Trial Notes: The Apex Of Criminal Defense: Murder 1
Starting from the Top: By Accident
Dateline: 1999. Many many trials ago, fresh into practice, the ink on my bar card was still damp. The wise “old guy” in my office, Efrem Agranoff (dec.), who later became a mentor and dear dear friend, told me to get to know another attorney in town named Royce. Royce was and still is the very definition of “class.” He’s a maverick, not a “Politician” type of maverick, the type that would never claim to be such, and would likely argue with anyone who claimed that he was. But he is.
I remember approaching Royce in the hallway of the court. Court had just let out, and I recognized him from the long grey ponytail that made him our sort of local Jerry Spence. “Excuse me” I quietly muttered in my “new kid on the block” sort of voice. Before I was even able to get it out, Royce was shaking my hand, welcoming me to the practice of law, and had somehow already learned my name. I was flattered. I went on to say that I was a young lawyer, looking to watch and maybe help out with some trials, that if he had anything that I could help out on, I’d do it for free, just to get the experience. What I really meant, I wanted to get the experience of working with a guy like Royce. By the end of the day, Royce had me signed up to assist him in a first degree murder trial, which was starting in several months. The case involved a cult, the prophet Elijah, conspiracy theory and porn. With all the excitement, I nearly wet myself!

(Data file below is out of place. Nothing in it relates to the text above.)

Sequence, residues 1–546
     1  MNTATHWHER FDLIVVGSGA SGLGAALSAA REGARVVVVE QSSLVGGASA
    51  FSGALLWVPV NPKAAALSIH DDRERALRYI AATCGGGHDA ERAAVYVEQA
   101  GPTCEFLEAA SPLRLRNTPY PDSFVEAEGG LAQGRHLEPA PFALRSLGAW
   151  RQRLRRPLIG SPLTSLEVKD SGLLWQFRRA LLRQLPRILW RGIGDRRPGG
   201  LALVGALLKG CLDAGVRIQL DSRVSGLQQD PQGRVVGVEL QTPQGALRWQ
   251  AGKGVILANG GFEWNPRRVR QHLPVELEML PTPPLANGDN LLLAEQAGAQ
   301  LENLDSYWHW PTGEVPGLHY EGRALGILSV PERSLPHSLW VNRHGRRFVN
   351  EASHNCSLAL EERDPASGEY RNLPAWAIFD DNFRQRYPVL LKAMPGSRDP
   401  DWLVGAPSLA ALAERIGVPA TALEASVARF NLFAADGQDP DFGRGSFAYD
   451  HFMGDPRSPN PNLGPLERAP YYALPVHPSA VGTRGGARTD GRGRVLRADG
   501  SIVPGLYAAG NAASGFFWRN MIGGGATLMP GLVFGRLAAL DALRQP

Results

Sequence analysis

The project started with me meeting with the client who at the time, was locked up in jail. When I first met our client, I knew immediately why Royce had mentioned that we might be raising the insanity defense. This guy was NUTS! My job for the next several months was meeting with this client on a near daily basis, and working out how, why, and exactly to what extent he was in fact nuts. Following that, Royce mentioned that he may want me to do the direct examination at trial, seeing as how I knew the client better than anyone, and to cross examine the states expert claiming that my client was not insane. Again, I thought, does Royce know I’ve never done a trial, much less one involving cults, porn, conspiracy and death? He knew.
On the eve of 9/11, the trial began. Ultimately, the jury hung, which is the subject of a book yet to be written. During this time, and for years following, Royce taught me how to be a lawyer, a trial lawyer, a damn good trial lawyer! At the same time, never forgetting to maintain a sense of humor, a sense of self, and remembering why I wanted to become a lawyer in the first place. When I write that book to be named later, I believe I’ll start Chapter 1 dedicated to Royce entitled “A Class Act.” And oh yeah, the note above, well that came in one morning during trial as I argued that our client was insane. Little did I know at the time, Royce had worked late one evening, “preparing some trial notes.”
This note is one of my favorite things. I’m thankful to Royce, and the mentors that I’ve been fortunate to have in my career. Any success I have in law is in part, a tribute to their efforts and belief in me. Efrem, Royce, Don, Pete, Ken and Brian. Thanks.